“Go,” the woman said.

Once the horses had been led away, the woman turned to Galadriel and nodded. Galadriel gazed at her curiously, surprised that she seemed to be handling the pain so well.

“I am Faye,” the woman began, “the guardian of Lady Celebrían and her family.”

“I have heard of you,” Galadriel replied. “Our kin in Mirkwood speak very highly and very often of you. But your guardianship seems to have faltered in this case.”

Faye bowed her head, clearly catching the meaning of the words despite Galadriel’s attempt to keep a straight face and an even tone.

“I will tell you everything you wish to know,” Faye replied, wincing slightly and involuntarily putting a hand over her belly. “But I need to see Arwen first.”

Galadriel studied the woman she had heard about only in rumor and tall-tales. She could sense Faye’s undying love for Celebrían and Arwen, as well as the shame and guilt. After a moment, she let her expression soften.

“Come, Elf-friend,” she said, offering a hand. “You need help. I will take you to Arwen as soon as I take care of your wounds.”

“No, great Lady,” Faye replied, backing away slightly. “I’m sorry, but I cannot wait any longer.” She closed her eyes, clenching her teeth. “She needs me.”

Galadriel could sense that Faye was not going to be convinced otherwise, and for a moment marveled at the woman’s dedication. She smiled.

“Very well,” she said. “I will take you to her.”

Galadriel guided Faye to Arwen’s bedchamber, and upon entering the room and seeing her, Faye started crying.

“Ai, Valar, why did I not listen?” she whispered.

Faye approached Arwen’s bedside and lay down next to her, gathering her in her arms and cradling her like she was an Elfling. Although still unconscious, Arwen seemed to relax at that moment, and Galadriel smiled. She knew then that her granddaughter would have no more nightmares.

“You have done well,” she told Haldir, who had followed them. “Go now and rest. When Arwen is healed, I will ride to Rivendell, and I will have you accompany us.”

“As you wish, Milady,” Haldir replied.

He bowed solemnly and departed, and once he was gone Galadriel turned and made her way back to her own chambers. Somehow, she knew she was going to rest very well that night.

* * * * *

A clap of thunder startled Arwen awake, and she quickly sat up in bed, reaching for her nearest stuffed animal and grasping it. A storm had come to the Valley, and she had never liked storms. Rain pounded the glass, and vivid lightning lit up her bedchamber. She winced and whimpered when the second clap of thunder sounded, impossibly close to the lightning that had created it. The storm was right over Rivendell.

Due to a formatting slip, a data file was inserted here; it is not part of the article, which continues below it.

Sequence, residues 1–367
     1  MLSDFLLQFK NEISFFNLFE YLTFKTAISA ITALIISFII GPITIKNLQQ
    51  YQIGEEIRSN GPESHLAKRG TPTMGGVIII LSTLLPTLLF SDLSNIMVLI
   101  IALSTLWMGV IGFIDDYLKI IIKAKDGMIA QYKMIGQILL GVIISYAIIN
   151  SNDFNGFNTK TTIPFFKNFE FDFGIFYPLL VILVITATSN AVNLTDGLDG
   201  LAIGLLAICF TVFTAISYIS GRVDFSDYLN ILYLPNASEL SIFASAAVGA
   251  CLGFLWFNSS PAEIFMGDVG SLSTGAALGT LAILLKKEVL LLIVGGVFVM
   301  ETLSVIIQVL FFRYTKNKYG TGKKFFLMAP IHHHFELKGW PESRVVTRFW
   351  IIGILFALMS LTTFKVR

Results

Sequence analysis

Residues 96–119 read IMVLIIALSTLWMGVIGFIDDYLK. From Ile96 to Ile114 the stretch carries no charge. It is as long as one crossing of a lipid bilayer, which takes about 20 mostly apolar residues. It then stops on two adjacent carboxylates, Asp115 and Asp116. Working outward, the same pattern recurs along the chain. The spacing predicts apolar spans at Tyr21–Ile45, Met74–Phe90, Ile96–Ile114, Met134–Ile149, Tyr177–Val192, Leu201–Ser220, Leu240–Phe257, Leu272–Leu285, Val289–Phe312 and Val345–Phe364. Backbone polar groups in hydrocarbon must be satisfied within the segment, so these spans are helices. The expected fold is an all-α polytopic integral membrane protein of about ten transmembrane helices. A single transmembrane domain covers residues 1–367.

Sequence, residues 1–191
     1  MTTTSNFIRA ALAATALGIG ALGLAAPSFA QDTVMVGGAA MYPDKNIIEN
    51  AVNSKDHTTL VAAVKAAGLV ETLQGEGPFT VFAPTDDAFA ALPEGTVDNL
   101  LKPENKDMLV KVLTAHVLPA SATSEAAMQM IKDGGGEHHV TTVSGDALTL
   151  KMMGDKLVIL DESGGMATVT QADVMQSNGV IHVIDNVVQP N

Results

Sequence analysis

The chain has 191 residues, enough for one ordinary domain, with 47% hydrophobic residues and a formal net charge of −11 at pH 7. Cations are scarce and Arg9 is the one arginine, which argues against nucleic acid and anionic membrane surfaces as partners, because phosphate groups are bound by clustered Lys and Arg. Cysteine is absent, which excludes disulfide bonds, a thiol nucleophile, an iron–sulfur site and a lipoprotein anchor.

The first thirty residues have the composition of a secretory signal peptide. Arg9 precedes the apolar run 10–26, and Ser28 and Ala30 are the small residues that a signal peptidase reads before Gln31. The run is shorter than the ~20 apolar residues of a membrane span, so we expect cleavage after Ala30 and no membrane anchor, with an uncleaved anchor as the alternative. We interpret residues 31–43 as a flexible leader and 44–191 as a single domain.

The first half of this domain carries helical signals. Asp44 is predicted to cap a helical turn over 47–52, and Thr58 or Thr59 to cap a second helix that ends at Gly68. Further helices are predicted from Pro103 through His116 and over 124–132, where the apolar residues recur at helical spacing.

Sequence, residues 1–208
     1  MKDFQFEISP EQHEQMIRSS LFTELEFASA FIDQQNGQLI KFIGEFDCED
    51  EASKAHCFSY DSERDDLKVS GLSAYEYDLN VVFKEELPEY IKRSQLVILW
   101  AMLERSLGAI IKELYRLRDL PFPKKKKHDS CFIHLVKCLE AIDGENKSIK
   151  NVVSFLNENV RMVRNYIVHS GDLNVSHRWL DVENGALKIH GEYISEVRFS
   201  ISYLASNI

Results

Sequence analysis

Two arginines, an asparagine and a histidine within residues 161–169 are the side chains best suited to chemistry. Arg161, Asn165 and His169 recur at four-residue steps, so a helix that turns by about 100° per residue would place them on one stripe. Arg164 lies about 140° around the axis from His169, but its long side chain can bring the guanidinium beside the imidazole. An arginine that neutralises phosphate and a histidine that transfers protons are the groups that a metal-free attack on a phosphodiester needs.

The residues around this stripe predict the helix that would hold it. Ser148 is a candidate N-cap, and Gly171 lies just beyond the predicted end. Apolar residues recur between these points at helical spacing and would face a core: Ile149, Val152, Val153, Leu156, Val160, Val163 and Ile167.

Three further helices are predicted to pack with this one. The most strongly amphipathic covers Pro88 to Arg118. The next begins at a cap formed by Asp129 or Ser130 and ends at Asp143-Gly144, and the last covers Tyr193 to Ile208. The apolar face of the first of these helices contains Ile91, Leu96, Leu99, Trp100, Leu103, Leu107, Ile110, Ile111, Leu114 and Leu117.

Trembling, Arwen slowly slid off her bed, walking quietly into the corridor. She was scared, and for a moment she was tempted to seek out her mother and father, but stopped outside their bedroom door. She didn’t know what they’d do, and she didn’t want to risk them simply telling her it would be okay and send her back to bed. But her only other option was on the other side of the house, and she didn’t want to wander the corridors in the dark.

The next clap of thunder echoed loudly in the corridor, making her jump and start running. She was afraid of the darkness, but she was even more afraid of the storm. She climbed down a flight of stairs, ran around a bend, and arrived at the doorway to a once seldom-used bedchamber. It was smaller than the ones she, her brothers, and her parents used, but the balcony looked out over the gardens and the waterfalls beyond. A single occupant lay sleeping when Arwen entered, and she slowly approached the bed.

“Faye?” she whispered. “Faye?”

Her beloved friend and guardian was awake instantly, sitting up and gazing at her in concern.

“What is it, my child?” she asked.

Lighting flashed, thunder crackled, and realization dawned on Faye’s face. She smiled, moving over and pulling back the bedcovers.

“Come on, Arwen,” she said, reaching out for her. “There’s nothing to be afraid of.”

Arwen sighed in relief and climbed into bed, snuggling into Faye’s protective embrace. Slowly, the fear melted away, and she relaxed. Faye hummed softly as she ran her fingers through Arwen’s hair, and the Elfling sighed.

“Why are you afraid of storms, my child?” Faye asked suddenly.

“They’re loud and scary,” Arwen replied. “This is the worst one ever.”

Faye chuckled, and Arwen looked up at her, seeing the mirth twinkling in her eyes.